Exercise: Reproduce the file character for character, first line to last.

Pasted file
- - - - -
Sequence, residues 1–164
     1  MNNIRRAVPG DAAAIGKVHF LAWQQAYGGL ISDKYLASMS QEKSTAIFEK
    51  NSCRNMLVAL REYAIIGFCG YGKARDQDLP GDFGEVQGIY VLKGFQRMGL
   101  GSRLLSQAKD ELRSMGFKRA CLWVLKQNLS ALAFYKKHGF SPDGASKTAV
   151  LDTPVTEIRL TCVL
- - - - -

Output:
Sequence, residues 1–164
     1  MNNIRRAVPG DAAAIGKVHF LAWQQAYGGL ISDKYLASMS QEKSTAIFEK
    51  NSCRNMLVAL REYAIIGFCG YGKARDQDLP GDFGEVQGIY VLKGFQRMGL
   101  GSRLLSQAKD ELRSMGFKRA CLWVLKQNLS ALAFYKKHGF SPDGASKTAV
   151  LDTPVTEIRL TCVL